Before this summer, my bicycle recreation and commuting had usually been a leisurely undertaking. Aside from a few tours at home and abroad, most of my car-less commuting and adventuring has been ad hoc, wishing I had a car but making do with what I had, riding the train, bicycling, hitchhiking and catching rides with friends to get where I was going. Traveling by myself meant I was willing to put up with some pretty uncomfortable and challenging situations. When Liz and I met, our shared passion for wilderness and mountains gave rise to delusions of grandeur and ultimately, this dream of bicycle powered adventure.
Dreaming about the endless possibilities of climbing is a far cry from buckling down and making them a reality. For some, the imposing first sight of a mountain they've been planning to climb can be intimidating enough for them to give up and turn back. As our ideas and plans grew, the the reality of this experiment started to set in. This idea of a human powered life wouldn't be easy. Understanding we'd probably experience numerous forms of failure, we wanted to set ourselves up for success and make our first season of human power as easy as possible. Without a truck or van to live out of, we knew we'd want a home base from which to launch our day, overnight, and weekend trips, with the possibility of branching out on longer distance tours should we want. With this in mind we began to look for a place to live for the summer, favoring small towns, but really only requiring a proximity to alpine terrain. Among many others we considered Bozeman, Boise, Salt Lake or Seattle, but serendipity and luck conspired to land us in Leavenworth.
This small town on the eastern side of the Cascades is home to a prolific number of accessible crags and alpine peaks. The climbing around Leavenworth includes boulders, bolted climbs, or multi-pitch traditional routes just a few miles from town, as well as classic alpine gems just 4-15 miles away. Our climbing here has evolved in just this way, from the easiest and most accessible crags, with heavy ropes and a bunch of gear on our backs, to multi night adventures to the highest peaks of the range with minimal gear and more efficient transportation. Overall this summer has shown us that anything is possible, our confidence in ourselves, the climbing and bicycling community, and society as a whole has increased drastically. We're happier and having more fun than ever before. We can all do this and it's so much fun!
So, from here, where do we go? Make things more challenging of course! We're excited to embark on longer distance tours with several nights to a week of approaching by bicycle. Also, climbing more demanding and committing routes is something we're always pushing ourselves to do, adapting to the physical stress and exertion a 20+ mile bicycling and hiking approach has taken some time, but were stronger and ready to to take it to the next level. Taking the idea of a climbing road trip or long weekend and adapting it to the bike seems like the next logical step, but overall, this season of human powered adventures has shown us that this is a reality, it's satisfying and enjoyable, and we're ready to take it beyond the experimental phase and devote our lives to its purpose.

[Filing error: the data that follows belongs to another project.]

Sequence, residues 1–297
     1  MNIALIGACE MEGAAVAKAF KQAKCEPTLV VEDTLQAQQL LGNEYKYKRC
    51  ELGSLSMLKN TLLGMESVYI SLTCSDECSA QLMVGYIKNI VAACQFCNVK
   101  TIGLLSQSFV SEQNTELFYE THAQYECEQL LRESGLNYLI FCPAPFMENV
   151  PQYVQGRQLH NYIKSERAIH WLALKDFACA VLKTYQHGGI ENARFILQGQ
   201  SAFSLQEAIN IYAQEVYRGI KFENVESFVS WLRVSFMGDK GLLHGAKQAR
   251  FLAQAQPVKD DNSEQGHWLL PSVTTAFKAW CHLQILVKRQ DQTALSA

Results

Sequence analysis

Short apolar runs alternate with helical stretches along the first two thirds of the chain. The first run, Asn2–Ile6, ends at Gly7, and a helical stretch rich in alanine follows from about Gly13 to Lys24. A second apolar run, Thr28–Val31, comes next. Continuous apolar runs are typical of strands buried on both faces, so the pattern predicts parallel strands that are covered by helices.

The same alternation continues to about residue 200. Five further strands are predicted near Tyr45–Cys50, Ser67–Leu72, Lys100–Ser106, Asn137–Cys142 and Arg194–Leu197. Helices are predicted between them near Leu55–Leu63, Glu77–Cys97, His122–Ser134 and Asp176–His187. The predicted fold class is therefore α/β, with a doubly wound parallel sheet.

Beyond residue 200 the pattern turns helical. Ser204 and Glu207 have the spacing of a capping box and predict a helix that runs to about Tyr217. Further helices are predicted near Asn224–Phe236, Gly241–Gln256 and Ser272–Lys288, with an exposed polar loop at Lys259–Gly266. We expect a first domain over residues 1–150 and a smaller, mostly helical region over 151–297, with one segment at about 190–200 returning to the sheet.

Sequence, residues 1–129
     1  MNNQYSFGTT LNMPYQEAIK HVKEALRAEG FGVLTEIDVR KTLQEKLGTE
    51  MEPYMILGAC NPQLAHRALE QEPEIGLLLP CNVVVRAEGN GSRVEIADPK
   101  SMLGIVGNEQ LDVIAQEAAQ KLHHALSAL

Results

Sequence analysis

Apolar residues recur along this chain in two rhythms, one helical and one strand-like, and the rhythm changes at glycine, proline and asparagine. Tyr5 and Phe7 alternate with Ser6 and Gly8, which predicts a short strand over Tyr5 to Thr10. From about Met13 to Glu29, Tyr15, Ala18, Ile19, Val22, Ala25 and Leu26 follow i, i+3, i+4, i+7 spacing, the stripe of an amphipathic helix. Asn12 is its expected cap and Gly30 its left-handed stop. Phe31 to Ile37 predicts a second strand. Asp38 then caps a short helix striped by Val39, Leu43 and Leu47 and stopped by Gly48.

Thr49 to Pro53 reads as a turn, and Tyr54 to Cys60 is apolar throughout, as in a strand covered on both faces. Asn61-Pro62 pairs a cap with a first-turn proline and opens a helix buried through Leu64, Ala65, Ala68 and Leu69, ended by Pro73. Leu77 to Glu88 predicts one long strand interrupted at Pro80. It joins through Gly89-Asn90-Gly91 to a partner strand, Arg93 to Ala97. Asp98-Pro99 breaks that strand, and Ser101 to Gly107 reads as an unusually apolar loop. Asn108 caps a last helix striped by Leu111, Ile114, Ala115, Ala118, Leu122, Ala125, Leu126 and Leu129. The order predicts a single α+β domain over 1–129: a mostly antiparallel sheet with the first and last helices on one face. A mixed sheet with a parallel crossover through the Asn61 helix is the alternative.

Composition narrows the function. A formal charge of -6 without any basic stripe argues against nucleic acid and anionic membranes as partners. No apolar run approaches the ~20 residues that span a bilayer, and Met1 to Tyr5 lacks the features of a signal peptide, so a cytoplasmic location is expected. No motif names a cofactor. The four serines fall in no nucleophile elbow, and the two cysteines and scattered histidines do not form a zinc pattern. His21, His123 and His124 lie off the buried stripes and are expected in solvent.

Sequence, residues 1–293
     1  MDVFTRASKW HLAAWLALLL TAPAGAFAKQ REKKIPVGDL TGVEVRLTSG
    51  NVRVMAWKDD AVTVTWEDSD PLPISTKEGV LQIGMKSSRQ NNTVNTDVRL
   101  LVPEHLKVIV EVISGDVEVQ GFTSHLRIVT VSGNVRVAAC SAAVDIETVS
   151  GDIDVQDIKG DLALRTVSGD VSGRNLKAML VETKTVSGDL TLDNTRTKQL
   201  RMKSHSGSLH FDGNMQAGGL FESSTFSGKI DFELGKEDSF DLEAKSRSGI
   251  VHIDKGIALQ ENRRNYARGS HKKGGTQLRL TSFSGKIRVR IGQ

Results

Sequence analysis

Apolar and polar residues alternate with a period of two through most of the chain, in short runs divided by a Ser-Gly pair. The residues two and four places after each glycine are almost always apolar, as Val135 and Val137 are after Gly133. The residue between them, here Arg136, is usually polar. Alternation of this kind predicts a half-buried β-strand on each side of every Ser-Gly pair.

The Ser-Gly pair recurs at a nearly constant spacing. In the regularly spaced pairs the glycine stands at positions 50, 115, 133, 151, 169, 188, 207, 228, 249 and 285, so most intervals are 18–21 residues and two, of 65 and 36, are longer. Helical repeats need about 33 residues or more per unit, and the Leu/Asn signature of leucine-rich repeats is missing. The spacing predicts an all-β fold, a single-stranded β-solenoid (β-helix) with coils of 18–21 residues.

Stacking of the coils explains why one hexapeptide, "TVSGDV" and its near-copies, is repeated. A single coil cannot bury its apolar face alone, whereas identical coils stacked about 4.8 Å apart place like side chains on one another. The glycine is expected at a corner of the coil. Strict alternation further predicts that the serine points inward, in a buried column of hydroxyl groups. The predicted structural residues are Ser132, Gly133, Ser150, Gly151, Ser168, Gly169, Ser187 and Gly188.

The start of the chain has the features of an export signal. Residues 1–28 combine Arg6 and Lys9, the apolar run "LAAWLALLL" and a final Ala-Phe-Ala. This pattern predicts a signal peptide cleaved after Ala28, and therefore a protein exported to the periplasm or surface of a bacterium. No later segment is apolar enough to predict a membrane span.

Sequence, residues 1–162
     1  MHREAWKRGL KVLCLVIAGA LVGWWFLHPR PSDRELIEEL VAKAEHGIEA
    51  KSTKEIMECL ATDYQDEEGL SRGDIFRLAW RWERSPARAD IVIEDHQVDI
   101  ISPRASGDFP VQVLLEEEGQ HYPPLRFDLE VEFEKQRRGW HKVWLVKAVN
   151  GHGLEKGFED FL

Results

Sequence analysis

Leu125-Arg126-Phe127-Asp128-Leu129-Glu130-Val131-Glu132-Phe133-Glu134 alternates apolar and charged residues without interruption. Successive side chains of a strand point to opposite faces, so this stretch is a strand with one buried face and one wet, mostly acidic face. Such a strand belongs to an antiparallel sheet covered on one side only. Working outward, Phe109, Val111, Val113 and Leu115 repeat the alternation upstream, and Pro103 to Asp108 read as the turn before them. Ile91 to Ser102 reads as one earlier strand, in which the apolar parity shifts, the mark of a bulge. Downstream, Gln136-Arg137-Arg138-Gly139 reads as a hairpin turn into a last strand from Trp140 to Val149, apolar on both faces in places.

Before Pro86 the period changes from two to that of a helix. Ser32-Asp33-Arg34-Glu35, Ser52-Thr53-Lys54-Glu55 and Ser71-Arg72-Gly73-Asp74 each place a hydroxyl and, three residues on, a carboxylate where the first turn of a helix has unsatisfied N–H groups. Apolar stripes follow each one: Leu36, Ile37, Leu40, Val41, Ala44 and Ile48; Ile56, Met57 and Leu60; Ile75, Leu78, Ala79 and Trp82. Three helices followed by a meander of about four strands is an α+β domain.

As climbing and the sustainability movement continue to evolve, so will we, so will you. Whether or not you own a car or climb a mountain, we're all on spaceship Earth together, breathing the same air and drinking the same water. A future without fossil fuels is coming, weather or not it will be a reality for us, our children or grandchildren is unknown, the mountains will continue to be patient. What is for sure is that we can work to make our lives happier, healthier, and more fun now, we can also put our positive energy and sweat equity into a more sustainable future. Riding a bicycle and climbing in the mountains are two of the most fun things I can think of, combining them into this reality of mobility has been a dream come true. Today, I find myself more satisfied and patient with every mindful moment, and less and less obsessed with what's next, what's wrong, or what other people should be doing. Be the change you want to see in this world and you will find boundless joy for life.
This guy is loving it.